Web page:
Brigadier General Richard Stephen “Steve” Ritchie, was Captain Steve Ritchie, when he was assigned to Udorn Royal Thai Air Base, in northeast Thailand the year before I was assigned to Udorn (1973). “Captain” Ritchie became an ace, having 5 MiG-21 kills during his tour of duty. The war was heavy the year before I arrived at Udorn. “Captain” Ritchie’s F4 was an alert aircraft at Udorn, and stayed there after he finished his tour of duty. The MiG kill markings remained on his F-4. As I was given a tour of the base, soon after my arrival, I was very proud to see “Captain” Ritchie’s F4, as it was used to suppress the communist air and ground forces from North Vietnam as well as the communist led Pathet Lao forces in neighboring Laos. Brigadier General Richard Stephen “Steve” Ritchie is a true American hero. In the video, General Ritchie tells the truth of what the USA is all about. The links that follow the video summary will tell you more about Steve Ritchie, and his career of service to our nation. He is still alive on this Memorial Day, and I thank him for his service to our country, as I thank all of the other men and women who have served in the United States Army, Navy, Air Force, Marine Corps and Coast Guard, whether they are, or were, active duty, national guard or reserve. May God bless America!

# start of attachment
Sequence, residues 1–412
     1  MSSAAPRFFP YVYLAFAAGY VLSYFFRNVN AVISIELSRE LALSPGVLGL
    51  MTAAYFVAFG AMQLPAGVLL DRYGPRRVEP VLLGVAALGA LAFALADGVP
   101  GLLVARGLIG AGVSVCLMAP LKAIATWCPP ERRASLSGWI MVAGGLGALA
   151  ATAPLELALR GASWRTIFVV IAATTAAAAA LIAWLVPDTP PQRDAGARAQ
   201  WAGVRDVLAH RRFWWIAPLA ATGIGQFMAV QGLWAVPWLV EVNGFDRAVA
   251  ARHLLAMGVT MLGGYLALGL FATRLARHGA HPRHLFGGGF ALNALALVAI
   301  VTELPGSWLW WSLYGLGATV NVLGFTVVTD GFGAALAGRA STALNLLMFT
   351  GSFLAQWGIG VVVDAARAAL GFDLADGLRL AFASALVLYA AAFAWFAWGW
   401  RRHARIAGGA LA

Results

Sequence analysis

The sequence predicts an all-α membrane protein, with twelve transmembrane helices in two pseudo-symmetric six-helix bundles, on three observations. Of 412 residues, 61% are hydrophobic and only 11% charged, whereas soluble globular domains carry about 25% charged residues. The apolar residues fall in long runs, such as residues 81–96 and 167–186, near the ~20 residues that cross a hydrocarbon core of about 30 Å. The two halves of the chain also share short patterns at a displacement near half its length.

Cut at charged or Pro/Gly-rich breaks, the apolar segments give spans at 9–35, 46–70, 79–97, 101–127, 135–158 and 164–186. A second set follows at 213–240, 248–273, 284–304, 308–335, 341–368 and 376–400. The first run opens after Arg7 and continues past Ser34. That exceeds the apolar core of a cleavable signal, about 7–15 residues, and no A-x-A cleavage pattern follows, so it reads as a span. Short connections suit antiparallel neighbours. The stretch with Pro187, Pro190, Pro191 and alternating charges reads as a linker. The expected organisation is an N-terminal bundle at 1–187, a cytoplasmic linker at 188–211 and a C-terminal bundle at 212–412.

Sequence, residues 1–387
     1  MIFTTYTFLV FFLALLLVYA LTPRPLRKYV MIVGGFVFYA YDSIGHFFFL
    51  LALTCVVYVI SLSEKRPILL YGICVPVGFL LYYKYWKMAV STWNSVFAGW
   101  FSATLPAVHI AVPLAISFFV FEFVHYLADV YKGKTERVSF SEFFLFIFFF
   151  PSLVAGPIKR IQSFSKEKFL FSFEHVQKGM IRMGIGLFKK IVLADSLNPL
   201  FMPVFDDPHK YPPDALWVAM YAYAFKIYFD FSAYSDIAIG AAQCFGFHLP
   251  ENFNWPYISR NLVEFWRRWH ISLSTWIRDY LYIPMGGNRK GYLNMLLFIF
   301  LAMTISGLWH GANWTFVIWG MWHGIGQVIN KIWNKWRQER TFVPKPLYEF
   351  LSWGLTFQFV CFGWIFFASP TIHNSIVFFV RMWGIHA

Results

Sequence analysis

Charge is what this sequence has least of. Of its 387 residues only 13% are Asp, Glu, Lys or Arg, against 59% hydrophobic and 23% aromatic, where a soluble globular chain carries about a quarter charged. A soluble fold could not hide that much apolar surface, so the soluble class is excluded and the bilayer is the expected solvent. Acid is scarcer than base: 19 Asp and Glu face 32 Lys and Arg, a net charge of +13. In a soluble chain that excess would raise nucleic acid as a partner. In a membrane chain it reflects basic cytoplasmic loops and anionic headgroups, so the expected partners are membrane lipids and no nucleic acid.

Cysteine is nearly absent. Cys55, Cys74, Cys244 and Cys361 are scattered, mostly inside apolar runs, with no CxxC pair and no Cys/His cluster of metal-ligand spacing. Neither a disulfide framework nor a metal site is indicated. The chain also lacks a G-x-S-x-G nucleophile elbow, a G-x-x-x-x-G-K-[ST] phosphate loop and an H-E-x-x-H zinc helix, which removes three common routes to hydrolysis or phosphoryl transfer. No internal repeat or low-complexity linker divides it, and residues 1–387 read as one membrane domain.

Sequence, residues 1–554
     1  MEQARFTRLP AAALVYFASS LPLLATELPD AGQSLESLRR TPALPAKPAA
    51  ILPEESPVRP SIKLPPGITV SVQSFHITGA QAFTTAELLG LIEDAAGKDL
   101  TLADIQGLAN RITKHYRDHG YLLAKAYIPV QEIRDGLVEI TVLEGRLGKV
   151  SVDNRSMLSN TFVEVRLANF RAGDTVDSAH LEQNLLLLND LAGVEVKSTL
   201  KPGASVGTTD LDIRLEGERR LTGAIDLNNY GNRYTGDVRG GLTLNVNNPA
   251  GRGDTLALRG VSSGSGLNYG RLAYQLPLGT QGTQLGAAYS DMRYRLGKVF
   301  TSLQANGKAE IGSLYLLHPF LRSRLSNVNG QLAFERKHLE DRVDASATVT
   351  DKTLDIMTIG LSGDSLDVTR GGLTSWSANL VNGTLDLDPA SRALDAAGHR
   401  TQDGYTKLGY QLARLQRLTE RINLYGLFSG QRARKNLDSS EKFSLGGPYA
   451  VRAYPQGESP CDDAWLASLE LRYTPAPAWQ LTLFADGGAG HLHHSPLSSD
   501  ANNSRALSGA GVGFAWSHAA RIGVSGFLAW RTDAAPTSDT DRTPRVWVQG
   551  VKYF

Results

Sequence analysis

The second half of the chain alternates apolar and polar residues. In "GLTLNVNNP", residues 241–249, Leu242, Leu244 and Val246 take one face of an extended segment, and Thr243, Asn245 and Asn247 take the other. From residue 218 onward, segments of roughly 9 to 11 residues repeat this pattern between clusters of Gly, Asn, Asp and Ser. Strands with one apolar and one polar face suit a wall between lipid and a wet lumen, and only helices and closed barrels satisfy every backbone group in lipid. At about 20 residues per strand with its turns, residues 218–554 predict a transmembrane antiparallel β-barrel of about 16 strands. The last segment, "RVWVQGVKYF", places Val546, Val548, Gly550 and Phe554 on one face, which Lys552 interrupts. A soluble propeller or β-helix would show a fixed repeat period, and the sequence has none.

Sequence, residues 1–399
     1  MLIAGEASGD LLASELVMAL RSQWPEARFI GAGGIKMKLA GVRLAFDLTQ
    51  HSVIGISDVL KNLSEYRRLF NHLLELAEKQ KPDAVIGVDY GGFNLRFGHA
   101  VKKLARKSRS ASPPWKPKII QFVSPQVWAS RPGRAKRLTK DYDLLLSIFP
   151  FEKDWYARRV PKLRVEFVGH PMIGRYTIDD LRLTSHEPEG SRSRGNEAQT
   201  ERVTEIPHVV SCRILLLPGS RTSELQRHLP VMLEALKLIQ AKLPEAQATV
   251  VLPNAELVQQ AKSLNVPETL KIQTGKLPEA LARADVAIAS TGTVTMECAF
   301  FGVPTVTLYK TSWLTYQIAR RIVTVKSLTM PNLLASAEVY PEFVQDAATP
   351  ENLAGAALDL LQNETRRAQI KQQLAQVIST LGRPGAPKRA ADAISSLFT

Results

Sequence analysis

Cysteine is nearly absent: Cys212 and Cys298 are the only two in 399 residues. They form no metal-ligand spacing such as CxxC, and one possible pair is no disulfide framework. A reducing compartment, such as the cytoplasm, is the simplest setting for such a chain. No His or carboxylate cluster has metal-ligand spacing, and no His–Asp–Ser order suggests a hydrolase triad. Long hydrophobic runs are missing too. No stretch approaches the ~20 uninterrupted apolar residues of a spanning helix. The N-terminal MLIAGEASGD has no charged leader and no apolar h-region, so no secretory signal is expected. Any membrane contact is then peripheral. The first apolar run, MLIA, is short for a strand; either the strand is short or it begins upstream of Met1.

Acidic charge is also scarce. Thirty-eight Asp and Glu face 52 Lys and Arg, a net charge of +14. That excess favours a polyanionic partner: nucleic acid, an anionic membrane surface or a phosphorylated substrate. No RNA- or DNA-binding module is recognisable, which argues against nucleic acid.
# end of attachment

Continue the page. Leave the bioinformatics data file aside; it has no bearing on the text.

Uploaded on Mar 24, 2011
Brig. Gen Steve Ritchie tells the amazing story of the rescue of downed pilot Roger Locher in Vietnam in 1972.
In that same year Ritchie volunteered for his second tour in Southeast Asia and was assigned to the 432nd Tactical Reconnaissance Wing at Udorn, Thailand. Flying an F-4D with the famous 555th (“Triple Nickel”) Tactical Fighter Squadron, he became the only Air Force jet ace by downing a MiG-21 on May 10, another on May 31, two on July 8 and his last on Aug. 28.
After completing 339 combat missions totaling more than 800 flying hours, Ritchie returned as one of the most highly decorated pilots of the war, having received the Air Force Cross, four Silver Stars, 10 Distinguished Flying Crosses and 25 Air Medals.
His combat expertise brought him the 1972 “Mackay Trophy” for the most significant Air Force mission of the year (along with Capts. Jeff Feinstein and Charles DeBellevue), the Air Force Academy’s 1972 Colonel James Jabara Award for Airmanship, and the 1972 Armed Forces Award, presented by the Veterans of Foreign Wars. In 1973 he was selected as one of the “Outstanding Young Men of America,” and in 1974 he received the Eugene Zuckert Award from the Civil Air Patrol.